Based on comments and experiments from Monk ZS4SF, I was interested to see if I could build a larger coupler for my home deployed EFHW using a large toroid T-200-2 which I happen to have on hand on my work bench. This would allow me to use higher power and in theory would be more efficient than my field coupler which uses a small T-50-2 toroid. I learnt a lot during the process.
I realized by looking at the XL/XC reactances at my target resonant frequency of 7020Khz that the challenge was going to be the turns ratio and small capacitance. I needed a 10:1 ratio to convert from the 5000ohms expected at the end of the EFHW to 50ohms on the link coupling. I started with 30 turns of hookup wire on the secondary and 3 turns on the primary. This resulted an inductance in the tank circuit of 11uh and a small capacitance needed to resonate the circuit at 7020Khz of about 47pf (Xc/Xl=485ohms). I realized the capacitance by using a piece of RG58/U coax connected in parallel with the inductor. This having a capacitance of 28.8pf/ft. Thus the coax piece was about a 1.6ft long. The circuit was very unstable. Small amounts of capacitive coupling resulted in a major shift in the resonant frequency.
I experimented with a number of turns ratios and discovered that any combination resulting on a coax length of less than about 2 feet was unstable due to capacitive coupling effects from surrounding objects including my hand.
I reduced the turns down to 18Turns on the Secondary (4uh). I was able to get a good match using 2turns on the link coil and by using some stiff stove type wire, insulated which I bought from Builders Hardware. This required a coax length of 4 feet (~115pf). I was able to get a 1:1 SWR using a 4.7K resistor as the terminating impedance on the bench. The circuit was stable and showed no capacitive or inductive coupling effects to nearby objects. This shows approximate values of 4uH for the inductor and 115pf for the coax capacitor to yield a resonant frequency of 7020KHz.
When I connected the EFHW wire to the coupler I was able to obtain the best match at 6.8Mhz by driving the system with my MFJ259B antenna analyzer. By tuning the analyzer up to 7020Khz I noticed a change in SWR to about 1.6:1. Since I had already resonated the tank circuit at 7020KHz against a pure 4.7Kohm resistor I was hesitant to tweek the capacitor by trimming it shorter. Instead I trimmed about 6 inches off the EFHW wire and was pleased to see a 1:1 SWR match on 7020Khz. This confirmed my feeling that the wire was showing a 5000 ohm pure resistance at resonance (in spite of being pulled through a tree at one end!). In looking at the write up on the web by AA5TB http://www.aa5tb.com/efha.html I noted that an EFHW will exhibit a 5000 ohm resistance with a 0.45 wavelength counterpoise. I must conclude that the mass of the antenna analyzer and the short coax connecting to the analyzer of a few feet is sufficient to couple the system to ground and simulating a quarter wave counterpoise (I really don't know however). I also experimented by linking the 'cold' end of the secondary to the 'cold' end of the link coupling. I noted with interest that this had no effect at all on the SWR of 1:1 at 7020Khz. The system is quite stable.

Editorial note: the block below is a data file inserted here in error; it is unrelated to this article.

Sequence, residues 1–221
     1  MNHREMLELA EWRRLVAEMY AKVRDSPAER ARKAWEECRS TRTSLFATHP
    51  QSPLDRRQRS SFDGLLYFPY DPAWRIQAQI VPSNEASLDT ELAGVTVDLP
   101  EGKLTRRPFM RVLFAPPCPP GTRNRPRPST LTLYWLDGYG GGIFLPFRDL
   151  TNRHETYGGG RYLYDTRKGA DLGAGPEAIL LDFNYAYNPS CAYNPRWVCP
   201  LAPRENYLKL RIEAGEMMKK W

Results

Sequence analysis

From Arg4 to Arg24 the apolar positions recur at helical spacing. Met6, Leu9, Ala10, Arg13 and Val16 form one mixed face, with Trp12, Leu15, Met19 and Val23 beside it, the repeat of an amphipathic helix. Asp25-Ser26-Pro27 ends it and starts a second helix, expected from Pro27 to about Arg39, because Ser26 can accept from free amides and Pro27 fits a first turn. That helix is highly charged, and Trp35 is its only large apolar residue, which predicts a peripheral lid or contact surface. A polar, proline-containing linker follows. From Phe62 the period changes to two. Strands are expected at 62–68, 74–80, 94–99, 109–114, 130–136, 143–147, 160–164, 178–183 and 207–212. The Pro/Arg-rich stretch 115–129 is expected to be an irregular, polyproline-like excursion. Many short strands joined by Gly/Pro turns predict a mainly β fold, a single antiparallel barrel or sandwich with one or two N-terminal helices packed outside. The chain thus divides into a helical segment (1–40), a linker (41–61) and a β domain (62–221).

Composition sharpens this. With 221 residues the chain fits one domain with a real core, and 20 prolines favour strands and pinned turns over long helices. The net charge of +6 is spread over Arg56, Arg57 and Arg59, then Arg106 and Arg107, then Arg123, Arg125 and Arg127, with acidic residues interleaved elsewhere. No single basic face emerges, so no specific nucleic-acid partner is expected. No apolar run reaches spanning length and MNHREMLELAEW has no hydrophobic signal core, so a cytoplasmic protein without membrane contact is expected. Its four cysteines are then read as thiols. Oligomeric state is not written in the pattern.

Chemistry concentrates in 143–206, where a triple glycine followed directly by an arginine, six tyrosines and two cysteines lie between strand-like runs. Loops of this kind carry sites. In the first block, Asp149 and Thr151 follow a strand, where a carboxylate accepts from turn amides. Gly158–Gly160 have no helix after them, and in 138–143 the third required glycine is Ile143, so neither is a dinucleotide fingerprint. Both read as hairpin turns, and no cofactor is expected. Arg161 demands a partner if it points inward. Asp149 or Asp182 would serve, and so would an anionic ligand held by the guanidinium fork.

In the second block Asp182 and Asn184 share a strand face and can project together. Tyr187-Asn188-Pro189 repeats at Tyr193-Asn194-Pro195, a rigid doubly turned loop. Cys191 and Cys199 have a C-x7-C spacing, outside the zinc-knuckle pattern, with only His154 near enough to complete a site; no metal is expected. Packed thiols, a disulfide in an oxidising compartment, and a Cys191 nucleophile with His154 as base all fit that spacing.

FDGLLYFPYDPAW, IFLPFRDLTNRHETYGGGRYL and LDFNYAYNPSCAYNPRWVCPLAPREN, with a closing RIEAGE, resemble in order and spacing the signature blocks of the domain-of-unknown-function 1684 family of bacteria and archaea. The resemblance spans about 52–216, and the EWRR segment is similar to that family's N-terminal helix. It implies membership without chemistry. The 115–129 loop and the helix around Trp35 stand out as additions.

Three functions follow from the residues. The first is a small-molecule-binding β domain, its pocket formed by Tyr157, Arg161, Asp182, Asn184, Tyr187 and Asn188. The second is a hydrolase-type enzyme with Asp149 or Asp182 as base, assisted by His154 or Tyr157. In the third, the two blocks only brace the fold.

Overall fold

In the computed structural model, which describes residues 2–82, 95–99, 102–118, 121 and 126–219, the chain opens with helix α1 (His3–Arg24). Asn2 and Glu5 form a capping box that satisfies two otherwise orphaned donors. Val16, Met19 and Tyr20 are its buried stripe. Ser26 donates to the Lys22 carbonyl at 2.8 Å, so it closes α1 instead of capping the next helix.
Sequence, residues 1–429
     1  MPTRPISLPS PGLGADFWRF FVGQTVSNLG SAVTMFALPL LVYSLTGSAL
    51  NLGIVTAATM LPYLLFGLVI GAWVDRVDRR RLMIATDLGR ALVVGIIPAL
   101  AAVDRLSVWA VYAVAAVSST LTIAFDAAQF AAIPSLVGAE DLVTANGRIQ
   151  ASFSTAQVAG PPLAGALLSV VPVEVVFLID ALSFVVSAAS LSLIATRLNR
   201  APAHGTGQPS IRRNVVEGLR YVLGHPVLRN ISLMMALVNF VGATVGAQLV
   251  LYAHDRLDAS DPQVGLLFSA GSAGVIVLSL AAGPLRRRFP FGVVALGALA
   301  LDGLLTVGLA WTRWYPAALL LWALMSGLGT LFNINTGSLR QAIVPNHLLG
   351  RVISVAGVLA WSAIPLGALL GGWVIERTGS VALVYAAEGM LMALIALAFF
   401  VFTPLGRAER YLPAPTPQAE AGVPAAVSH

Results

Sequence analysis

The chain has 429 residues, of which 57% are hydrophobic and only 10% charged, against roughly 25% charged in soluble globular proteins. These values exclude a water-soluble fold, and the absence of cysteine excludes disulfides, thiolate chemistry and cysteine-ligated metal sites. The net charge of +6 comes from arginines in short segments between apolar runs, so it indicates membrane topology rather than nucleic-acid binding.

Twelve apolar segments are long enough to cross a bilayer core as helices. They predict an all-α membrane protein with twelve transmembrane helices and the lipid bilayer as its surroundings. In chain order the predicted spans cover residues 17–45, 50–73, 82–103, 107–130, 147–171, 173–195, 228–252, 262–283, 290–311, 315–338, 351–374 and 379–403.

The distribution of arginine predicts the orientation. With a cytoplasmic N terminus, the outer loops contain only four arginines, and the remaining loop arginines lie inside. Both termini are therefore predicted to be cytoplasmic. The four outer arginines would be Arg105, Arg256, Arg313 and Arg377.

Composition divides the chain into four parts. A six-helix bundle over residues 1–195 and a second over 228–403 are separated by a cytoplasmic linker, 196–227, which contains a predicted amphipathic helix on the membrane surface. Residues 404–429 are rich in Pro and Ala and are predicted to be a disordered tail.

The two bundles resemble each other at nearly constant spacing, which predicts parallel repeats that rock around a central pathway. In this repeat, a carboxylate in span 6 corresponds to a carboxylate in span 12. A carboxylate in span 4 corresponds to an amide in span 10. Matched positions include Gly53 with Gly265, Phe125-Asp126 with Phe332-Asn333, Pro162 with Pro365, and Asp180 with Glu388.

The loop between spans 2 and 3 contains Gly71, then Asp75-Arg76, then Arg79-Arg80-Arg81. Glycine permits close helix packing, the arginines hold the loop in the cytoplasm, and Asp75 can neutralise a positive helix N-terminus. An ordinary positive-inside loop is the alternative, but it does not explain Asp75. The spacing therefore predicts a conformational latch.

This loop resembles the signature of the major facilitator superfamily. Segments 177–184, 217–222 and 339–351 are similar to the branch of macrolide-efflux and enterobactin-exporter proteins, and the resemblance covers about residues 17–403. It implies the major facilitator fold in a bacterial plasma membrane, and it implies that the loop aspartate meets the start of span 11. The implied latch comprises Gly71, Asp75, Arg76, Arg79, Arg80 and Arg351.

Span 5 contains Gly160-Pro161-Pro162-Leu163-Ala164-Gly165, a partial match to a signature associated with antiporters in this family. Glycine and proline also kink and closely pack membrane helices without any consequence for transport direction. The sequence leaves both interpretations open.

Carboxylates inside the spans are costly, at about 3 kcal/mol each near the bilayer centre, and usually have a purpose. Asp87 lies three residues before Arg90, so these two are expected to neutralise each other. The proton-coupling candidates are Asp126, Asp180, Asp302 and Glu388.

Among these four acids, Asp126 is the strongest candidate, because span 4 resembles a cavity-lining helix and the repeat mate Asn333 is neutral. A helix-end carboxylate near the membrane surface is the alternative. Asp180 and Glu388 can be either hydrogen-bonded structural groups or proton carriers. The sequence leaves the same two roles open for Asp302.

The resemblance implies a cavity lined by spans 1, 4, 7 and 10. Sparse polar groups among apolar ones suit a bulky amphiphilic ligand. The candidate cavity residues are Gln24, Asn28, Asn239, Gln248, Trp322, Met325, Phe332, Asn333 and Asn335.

Much more experimentation is warranted on this interesting antenna. Especially for that case where the rig may not be near the ground or coupled to ground in some way. In this case a short counterpoise will likely be needed. Also the effects of different deployments and wire length variations on SWR is room for much experimentation.
Experiment to try in future. Orient the rig and coupler well above the ground in the air so that there is no (little) coupling to ground. Then measure the SWR variation. Then attach a 0.05 wavelength counterpoise to the 'cold' end of the secondary. In theory the antenna end impedance should drop to about 1800 ohms. This would require a 6:1 turns ratio. In other words another turn on the link coil to bring it to 3 turns and 50ohms match. According to the AA5TB graph, at this counterpoise length the reactance should be zero at the end of the wire and the system should be stable.
Observation. The practical point of this type of experiment would be to see if it is possible to use a coupler in the field with fixed components. This would greatly simplify the deployment to a blackbox that requires no tweeking. Furthermore....could this coupler be integrated into a single box along with the transmitter and receiver. In other words how critical is the length of coax between the coupler and the rig. Is this acting as a counterpoise in reality?
Bandwidth. The bandwidth of my system at the 2:1SWR points is approximately 145Khz. What is the effect on Q of different component uses and combinations (thicker wire and air variables)? For me 140KHz bandwidth is more than enough. Referring to a previous blog where I define the scope of my field operation I would trade bandwidth for a better Q since this (I think) would mean less resistive loss in the coupler (I think). Of course a very high Q would mean a less stable coupler from the point of view of field deployment and the effect of nearby objects on the system.
|Bench Test using a 4.7Kohm terminating load and coax capacitor|